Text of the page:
uffeviking

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Re: Stockhausen's Spaceship
« Reply #15 on: September 22, 2007, 06:52:19 AM »
In German we say: "Er nimmt uns auf die Schippe!"

Translate: "He is putting us on!"  ;D

Offline Cato

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Re: Stockhausen's Spaceship
« Reply #16 on: September 22, 2007, 11:09:48 AM »
In German we say: "Er nimmt uns auf die Schippe!"

Translate: "He is putting us on!"  ;D

Das könnte sein!     :o

I have an interview of Stockhausen when he was in his early 60's, and he comes across as rather matter-of-fact about lunatic things e.g. his obsession with basset horns, earth mothers, etc.

One of my favorite sections of the LICHT operas is in "Michaels Examen" where Michael hops around sing-songing "O Basset Horn, Basset Horn!"   

Unglaublich!    :D
"Now who taught ye t' be playin' patty fingers in the holy water?"

- Barry Fitzgerald to John Wayne in  The Quiet Man.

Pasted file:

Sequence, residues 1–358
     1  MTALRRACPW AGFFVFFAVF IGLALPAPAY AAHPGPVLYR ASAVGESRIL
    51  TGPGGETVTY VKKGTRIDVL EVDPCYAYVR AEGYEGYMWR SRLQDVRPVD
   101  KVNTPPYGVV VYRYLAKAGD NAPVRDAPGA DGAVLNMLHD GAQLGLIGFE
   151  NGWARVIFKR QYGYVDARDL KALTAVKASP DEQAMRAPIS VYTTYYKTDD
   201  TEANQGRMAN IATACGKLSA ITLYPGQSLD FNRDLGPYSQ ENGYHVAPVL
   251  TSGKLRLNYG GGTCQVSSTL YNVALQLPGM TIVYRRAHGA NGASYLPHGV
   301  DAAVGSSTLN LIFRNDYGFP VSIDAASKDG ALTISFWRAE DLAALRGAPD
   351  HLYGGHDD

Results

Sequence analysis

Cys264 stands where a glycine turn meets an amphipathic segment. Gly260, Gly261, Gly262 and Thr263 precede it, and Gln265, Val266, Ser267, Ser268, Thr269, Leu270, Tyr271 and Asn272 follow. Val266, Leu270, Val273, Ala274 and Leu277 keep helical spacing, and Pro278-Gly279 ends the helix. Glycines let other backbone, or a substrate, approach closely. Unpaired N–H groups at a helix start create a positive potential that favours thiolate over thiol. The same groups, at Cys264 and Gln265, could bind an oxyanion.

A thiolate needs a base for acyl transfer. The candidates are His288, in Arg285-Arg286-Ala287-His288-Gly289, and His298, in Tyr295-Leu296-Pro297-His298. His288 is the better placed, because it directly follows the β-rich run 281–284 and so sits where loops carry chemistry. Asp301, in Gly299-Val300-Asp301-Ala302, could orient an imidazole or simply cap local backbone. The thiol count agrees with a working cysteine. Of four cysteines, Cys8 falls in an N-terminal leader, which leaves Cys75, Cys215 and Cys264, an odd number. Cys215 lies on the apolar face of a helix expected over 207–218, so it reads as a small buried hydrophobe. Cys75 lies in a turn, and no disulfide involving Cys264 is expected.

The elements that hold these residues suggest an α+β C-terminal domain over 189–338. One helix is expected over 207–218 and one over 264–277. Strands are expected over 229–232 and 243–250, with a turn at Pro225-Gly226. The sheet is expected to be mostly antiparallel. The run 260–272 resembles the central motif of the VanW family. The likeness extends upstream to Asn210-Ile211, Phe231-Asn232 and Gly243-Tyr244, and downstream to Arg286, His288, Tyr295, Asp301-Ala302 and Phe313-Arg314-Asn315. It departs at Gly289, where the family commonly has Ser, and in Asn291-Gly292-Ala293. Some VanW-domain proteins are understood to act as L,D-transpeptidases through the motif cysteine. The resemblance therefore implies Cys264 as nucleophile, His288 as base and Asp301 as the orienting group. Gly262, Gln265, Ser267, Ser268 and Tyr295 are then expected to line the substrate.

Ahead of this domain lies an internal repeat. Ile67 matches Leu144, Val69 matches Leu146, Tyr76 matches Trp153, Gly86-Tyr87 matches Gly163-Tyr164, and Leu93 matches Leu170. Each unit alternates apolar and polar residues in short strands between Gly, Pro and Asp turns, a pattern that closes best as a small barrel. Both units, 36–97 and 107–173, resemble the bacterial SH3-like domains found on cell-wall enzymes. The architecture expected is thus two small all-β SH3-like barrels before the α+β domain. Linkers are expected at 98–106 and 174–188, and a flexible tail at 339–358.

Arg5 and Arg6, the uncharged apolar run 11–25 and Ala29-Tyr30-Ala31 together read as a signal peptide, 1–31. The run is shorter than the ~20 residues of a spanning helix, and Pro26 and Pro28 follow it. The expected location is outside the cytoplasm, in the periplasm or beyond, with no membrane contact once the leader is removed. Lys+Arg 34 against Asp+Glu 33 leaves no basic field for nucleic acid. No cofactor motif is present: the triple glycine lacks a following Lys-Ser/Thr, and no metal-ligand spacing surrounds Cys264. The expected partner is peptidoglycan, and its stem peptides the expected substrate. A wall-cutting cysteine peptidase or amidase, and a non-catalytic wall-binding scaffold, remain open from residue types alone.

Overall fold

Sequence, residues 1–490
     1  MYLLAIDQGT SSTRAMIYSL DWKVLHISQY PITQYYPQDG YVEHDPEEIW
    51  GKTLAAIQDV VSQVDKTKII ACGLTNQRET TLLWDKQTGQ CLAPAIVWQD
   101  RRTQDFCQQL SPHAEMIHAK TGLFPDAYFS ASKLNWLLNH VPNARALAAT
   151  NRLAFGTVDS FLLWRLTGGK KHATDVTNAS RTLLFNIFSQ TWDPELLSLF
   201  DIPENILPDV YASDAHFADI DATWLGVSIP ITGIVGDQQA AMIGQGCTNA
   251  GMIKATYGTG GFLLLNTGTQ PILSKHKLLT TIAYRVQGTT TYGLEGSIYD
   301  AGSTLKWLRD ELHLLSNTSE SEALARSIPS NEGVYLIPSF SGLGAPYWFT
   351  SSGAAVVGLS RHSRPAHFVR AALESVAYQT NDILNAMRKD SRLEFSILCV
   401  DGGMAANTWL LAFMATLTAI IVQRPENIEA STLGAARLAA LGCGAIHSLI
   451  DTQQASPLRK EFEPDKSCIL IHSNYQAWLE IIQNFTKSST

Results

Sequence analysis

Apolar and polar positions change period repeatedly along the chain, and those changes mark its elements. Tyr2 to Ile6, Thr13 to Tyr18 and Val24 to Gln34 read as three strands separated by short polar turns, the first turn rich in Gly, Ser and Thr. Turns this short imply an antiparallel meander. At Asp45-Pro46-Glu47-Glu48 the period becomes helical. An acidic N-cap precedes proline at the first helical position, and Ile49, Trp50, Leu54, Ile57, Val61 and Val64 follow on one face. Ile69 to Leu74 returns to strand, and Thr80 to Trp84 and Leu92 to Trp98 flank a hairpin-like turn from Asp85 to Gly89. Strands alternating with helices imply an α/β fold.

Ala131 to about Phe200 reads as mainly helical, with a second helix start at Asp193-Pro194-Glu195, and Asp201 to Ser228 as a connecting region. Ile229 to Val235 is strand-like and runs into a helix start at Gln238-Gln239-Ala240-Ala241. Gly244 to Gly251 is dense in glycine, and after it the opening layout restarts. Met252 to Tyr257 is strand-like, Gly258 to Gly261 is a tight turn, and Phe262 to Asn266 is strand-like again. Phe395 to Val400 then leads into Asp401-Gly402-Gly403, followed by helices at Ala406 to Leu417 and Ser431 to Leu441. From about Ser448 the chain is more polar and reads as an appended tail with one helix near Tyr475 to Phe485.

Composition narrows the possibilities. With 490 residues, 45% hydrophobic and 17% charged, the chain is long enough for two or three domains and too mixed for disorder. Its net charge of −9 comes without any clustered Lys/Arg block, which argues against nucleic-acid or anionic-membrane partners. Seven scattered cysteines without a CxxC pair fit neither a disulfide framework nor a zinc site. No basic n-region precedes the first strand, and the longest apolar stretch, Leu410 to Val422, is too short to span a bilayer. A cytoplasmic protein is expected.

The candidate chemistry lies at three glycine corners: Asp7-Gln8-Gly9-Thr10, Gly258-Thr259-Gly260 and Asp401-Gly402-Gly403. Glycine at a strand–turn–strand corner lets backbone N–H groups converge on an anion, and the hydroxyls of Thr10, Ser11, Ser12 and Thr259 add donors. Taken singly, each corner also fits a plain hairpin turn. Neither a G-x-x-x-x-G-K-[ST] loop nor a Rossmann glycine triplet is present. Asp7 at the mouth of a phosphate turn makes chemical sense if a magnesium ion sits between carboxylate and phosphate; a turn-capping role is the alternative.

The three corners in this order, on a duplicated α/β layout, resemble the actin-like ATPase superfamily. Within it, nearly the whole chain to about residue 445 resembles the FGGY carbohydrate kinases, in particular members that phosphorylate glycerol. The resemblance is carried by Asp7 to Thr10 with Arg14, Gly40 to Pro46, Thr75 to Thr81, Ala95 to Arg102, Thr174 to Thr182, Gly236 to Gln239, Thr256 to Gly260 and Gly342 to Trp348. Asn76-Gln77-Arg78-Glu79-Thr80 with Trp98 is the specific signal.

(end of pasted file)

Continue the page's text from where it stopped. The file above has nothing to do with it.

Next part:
longears

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Re: Stockhausen's Spaceship
« Reply #17 on: September 22, 2007, 11:16:33 AM »
In German we say: "Er nimmt uns auf die Schippe!"

Translate: "He is putting us on!"  ;D
Auf Englisch sagen wir: "He's shoveling scheiss."

(Or maybe: "He's a french fry short of a happy meal.")
« Last Edit: September 22, 2007, 11:55:05 AM by uffeviking »

uffeviking

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Re: Stockhausen's Spaceship
« Reply #18 on: September 22, 2007, 11:56:33 AM »
You got your languages mixed up, me thinks! ;)

Offline Al Moritz

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Re: Stockhausen's Spaceship
« Reply #19 on: September 22, 2007, 06:17:57 PM »

P.I. - For whom do you compose then?

Stockhausen - I compose.  I've never ever said for whom.  I like it of course when some fellow musicians, whom I know and perform with, find a work good or interesting.  But I really don't know what the world might think about it.  In any case my works are finding a sympathetic public in increasing measure.  The halls are full.  Resistance comes from the concert organizers - and I understand it - because the works demand long rehearsals and because of the costs of equipment, loudspeakers, mixers, etc....